PR results: the difference between coverage and value
Now that so many of a brand’s interactions with its audiences take place online, the communications industry can move a little closer to genuinely measuring its value to clients and its impact on core business areas like sales or leads generated. Using free – or at least reasonably priced – online tools, communications professionals can track fairly well the behaviour of our clients’ target audiences, from publication of coverage, to website visits, to newsletter sign-ups and to sales. In the process, we can prove like never before that what we do actually works.
So if you’re still doing AVEs then hold onto your rate cards, because here are four measurements you can make online that will change the way your clients think about their PR results for good:
Google Analytics is fast becoming an essential tool for proving the value of communications work. However, if you think it can only measure traffic from online sources, think again. True, tracking referrals from online sources is a piece of cake with Google Analytics, but if you know what you’re doing, you can track website activity following a big piece of print coverage with custom alerts. With these, there’s no reason why that feature in the Financial Times can’t be identified as the source of a spike in average traffic levels.
As an extension of the above point, but taking a slightly longer term view, what do you think an increase in branded searches might mean? I would say brand recognition is increasing and, furthermore, your audience is being prompted to act. Now that’s a PR result! Even more interesting might be to plot instances of coverage (online, print, broadcast or social media) against the increase in branded searches to see what patterns can be established.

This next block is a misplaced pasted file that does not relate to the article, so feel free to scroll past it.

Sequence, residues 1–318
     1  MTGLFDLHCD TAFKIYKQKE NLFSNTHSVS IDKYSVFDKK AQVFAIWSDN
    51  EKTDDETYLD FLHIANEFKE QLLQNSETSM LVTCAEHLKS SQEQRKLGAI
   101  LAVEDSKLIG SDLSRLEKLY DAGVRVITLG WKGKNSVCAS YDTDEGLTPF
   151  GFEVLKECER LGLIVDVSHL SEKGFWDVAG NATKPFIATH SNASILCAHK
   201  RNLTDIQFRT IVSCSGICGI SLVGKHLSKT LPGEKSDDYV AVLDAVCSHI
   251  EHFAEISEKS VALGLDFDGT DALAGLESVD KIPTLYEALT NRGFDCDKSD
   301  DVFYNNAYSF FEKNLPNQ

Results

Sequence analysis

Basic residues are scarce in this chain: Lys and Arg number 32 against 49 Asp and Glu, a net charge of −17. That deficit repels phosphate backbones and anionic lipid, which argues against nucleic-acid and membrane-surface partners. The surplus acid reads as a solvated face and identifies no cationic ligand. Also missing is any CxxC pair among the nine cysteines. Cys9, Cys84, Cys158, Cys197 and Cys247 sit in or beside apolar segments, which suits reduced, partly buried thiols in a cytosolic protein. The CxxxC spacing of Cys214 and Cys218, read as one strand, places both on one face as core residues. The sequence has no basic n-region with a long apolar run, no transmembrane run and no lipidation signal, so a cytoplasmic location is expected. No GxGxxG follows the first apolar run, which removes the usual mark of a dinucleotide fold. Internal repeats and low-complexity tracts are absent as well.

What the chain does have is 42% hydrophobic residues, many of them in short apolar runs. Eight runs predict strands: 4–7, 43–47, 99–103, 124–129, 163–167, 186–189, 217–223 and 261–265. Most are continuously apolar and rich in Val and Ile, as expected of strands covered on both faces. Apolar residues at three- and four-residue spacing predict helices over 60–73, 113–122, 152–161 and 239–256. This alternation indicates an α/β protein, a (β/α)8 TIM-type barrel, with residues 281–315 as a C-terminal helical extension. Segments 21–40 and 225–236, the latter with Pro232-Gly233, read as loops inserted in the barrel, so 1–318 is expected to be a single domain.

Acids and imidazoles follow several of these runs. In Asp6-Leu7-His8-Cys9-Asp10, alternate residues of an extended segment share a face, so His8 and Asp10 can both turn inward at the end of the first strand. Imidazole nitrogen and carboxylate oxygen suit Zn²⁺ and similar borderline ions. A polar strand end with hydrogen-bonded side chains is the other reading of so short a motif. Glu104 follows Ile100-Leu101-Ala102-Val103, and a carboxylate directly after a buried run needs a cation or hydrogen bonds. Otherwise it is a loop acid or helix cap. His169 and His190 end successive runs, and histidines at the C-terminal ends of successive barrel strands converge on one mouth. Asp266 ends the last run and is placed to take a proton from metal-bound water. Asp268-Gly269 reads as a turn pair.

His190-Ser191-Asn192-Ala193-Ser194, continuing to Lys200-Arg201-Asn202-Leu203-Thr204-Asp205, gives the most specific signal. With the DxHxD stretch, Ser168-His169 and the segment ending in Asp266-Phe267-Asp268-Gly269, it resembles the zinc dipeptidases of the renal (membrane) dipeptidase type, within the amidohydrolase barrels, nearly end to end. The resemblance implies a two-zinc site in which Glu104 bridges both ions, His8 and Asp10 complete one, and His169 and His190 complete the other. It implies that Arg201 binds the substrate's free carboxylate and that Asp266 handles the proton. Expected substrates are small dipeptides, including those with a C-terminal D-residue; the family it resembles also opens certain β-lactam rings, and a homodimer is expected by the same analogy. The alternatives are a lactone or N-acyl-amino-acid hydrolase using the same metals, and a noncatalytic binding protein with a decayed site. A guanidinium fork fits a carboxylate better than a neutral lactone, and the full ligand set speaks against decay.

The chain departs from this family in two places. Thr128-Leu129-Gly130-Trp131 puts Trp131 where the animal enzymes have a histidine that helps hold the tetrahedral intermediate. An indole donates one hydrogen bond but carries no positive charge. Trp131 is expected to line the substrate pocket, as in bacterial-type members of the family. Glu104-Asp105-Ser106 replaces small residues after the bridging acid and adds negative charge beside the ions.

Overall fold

Take a quick look at of the best SEO blogs and you’ll see how much they all worship the kind of coverage we in this industry take for granted. Followed links are (at the moment, anyway) a key signpost for Google when choosing where to rank a site in its search results. So securing coverage on sites considered to have a high level of authority – national news outlets, for example – with a followed link included to your client’s site is a PR result that you should take credit for each and every time it happens.
This isn’t a new one, of course, but it is a glaring example of the PR default position of using volume to indicate quality. By instead combining a social share count with referral data from Google Analytics, you can unlock a much richer insights. Go a step further and set up funnels to track the on-site behaviour of these visitors and you can ascertain if they’re getting what they want from your site or not, or whether some changes are in order to encourage sales, sign-ups or demo requests.
From engagement, clicks and shares, it’s only a short hop to leads and sales. Therefore, it won't be long before much of an agency’s value can be put to the test by cold, hard, attributable and indisputable numbers. I don’t know about you, but this is the moment I’ve been waiting for.
Find out more about TopLine’s data-driven approach to communications here.